12 Books to Help You Get Healthy in 2014

Pondering your New Year’s resolutions? Here are 12 books that will help you get healthy in the new year and stay healthy for many, many more

Images loading...

The Nutrition Twins’ Veggie Cure: Expert Advice and Tantalizing Recipes for Health, Energy, and Beauty

By Tammy Lakatos Shames, RD and Lyssie Lakatos, RD


If you’re bloated, stressed, tired, wrinkled, prone to heart disease or just famished—there’s a veggie for that, say sisters Tammy Lakatos Shames, RD, and Lyssie Lakatos, RD, aka The Nutrition Twins. For instance, if you want to take the edge off your hunger without ending up stuffed, the twins recommend vegetables “you can sink your teeth into, with a ‘meaty’ feel,” such as eggplants, mushrooms, beans and carrots. To help you jumpstart a healthy-eating routine, the book includes a 10-day menu and over 100 recipes. Glamour shots of produce will make you wonder why you ever preferred chocolate to chard.


Available in January 2014; preorder here.

Peruvian Power Foods: 18 Superfoods, 101 Recipes, and Anti-aging Secrets from the Amazon to the Andes

By Manuel Villacorta, MS, RD and Jamie Shaw


In case you didn’t get the memo—Peruvian cuisine, a blend of Incan, Spanish, Japanese, Italian and other tastes, is having a moment. San Francisco nutritionist (and Peru native) Manuel Villacorta helps explain why in a book devoted to supernutritious Peruvian foods that are familiar (avocados, cilantro and quinoa) as well as foreign (pichuberry, which is related to tomatillos, and lucuma, a subtropical fruit). Each lushly illustrated chapter provides information on the health merits of the18 superfoods Villacorta identifies, along with easy-to-follow recipes that show off the bold flavors.

Buy it here.

Live Long, Die Short: A Guide to Authentic Health and Successful Aging

By Roger Landry, MD


Don’t we all want to live a long healthy life that ends with no pain and no disability? Maybe with a heart attack while we’re sleeping? Landry, a former Air Force surgeon and preventive medicine physician, combed over findings from the long-term MacArthur Foundation of Aging in America to come up with a formula for successful aging, the kind that has what could be called a good ending. The key, he writes, is to understand that “70 percent of the physical difference and 50 percent of the intellectual difference between those who age in the usual way and those who age more successfully [is] due to lifestyle—the choices we make everyday.” In addition to the predictable advice to eat healthfully and exercise more, Landry says being engaged in life is a big part of aging better. For instance, Landry suggests you imagine your funeral. “What would make you feel proud of your life?... This one thing is something you should consider focusing on now.”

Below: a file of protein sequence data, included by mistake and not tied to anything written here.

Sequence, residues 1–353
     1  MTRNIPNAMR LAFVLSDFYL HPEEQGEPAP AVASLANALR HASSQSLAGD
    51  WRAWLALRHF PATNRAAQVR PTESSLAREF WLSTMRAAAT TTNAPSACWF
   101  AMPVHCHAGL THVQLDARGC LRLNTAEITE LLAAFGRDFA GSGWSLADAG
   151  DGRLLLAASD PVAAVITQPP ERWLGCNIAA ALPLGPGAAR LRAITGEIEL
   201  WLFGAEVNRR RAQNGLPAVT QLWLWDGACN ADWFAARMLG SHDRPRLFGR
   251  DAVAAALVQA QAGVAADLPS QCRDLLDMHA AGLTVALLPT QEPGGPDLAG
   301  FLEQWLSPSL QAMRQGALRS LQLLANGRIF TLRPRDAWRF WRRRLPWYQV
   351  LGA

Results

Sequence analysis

Available in January 2014; preorder here.

Dr. Suzanne Steinbaum’s Heart Book: Every Woman’s Guide to a Heart-Healthy Life

By Suzanne Steinbaum, MD, DO, with Eve Adamson


By age 60, half of American women will have heart disease. While rates for men under 55 are falling, those for women in the same age bracket are growing. In women with this condition, “the disease process didn’t start on the day of the heart attack. It started years, decades before,” writes Steinbaum, who is director of Women and Heart Disease at Lenox Hill Hospital in New York City. Steinbaum’s mission is to get women to make the lifestyle changes that will short circuit this disease process, especially exercise, diet and stress reduction. A handy series of quizzes helps determine your personal style—for instance, whether you are a minimalist or a scheduler when it comes to exercise—and how you can work that preference to your advantage (minimalists are best with routines that don’t wear them out and schedulers benefit from regular routines that can go on the calendar).


Buy it here.

Miraval’s Sweet & Savory Cooking

By Justin Cline Macy and Kim Macy


Spend some time at Miraval Resort & Spa in Arizona, and you’ll wonder how healthy, low-calorie food can taste so good. Now the spa’s executive chef and pastry chef, who are husband and wife, let you in on some of their secrets. The beautifully illustrated book provides shopping hints, a pantry list, information on kitchen tools and some handy cooking tips. (For instance, if you’re making balsamic vinegar reduction, you need to make sure the vinegar does not cook down too much. “When it coats the back of the spoon nicely, it’s done,” the authors advise.) Also included in the book are over 100 mouthwatering recipes, from sweet (strawberry pecan scones; 120 calories each) to savory (sear-roasted pork tenderloin with chipotle sauce; 170 calories a serving).


Available January 7, 2014; preorder here.

The Calorie Myth: How to Eat More, Exercise Less, Lose Weight, and Live Better

By Jonathan Bailor


It’s clear that the conventional wisdom about how to drop pounds—eat less, exercise more—works for only a very small portion of the population. If you’re in the market for an alternative point of view, The Calorie Myth summarizesthe unconventional wisdom that’s been emerging from obesity research in the last decade or so. For instance, some scientists now quarrel with the notion that all calories affect your body equally. What you eat seems to matter. So author Jonathan Bailor spells out the best foods for maintaining a healthy weight: non-starchy vegetables, nutrient-dense proteins (such as seafood, yogurt and grass-fed beef), low-fructose fruits, and nuts and seeds.  In addition, Bailor presents a 20-minute a week training program that incorporates, on different days, 10 minutes of high intensity exercise and 10 minutes of eccentric resistance work (you emphasize the negative portion of a movement, e.g., lowering weights rather than lifting them). Having trouble losing weight the usual way? Consider The Calorie Myth your Plan B.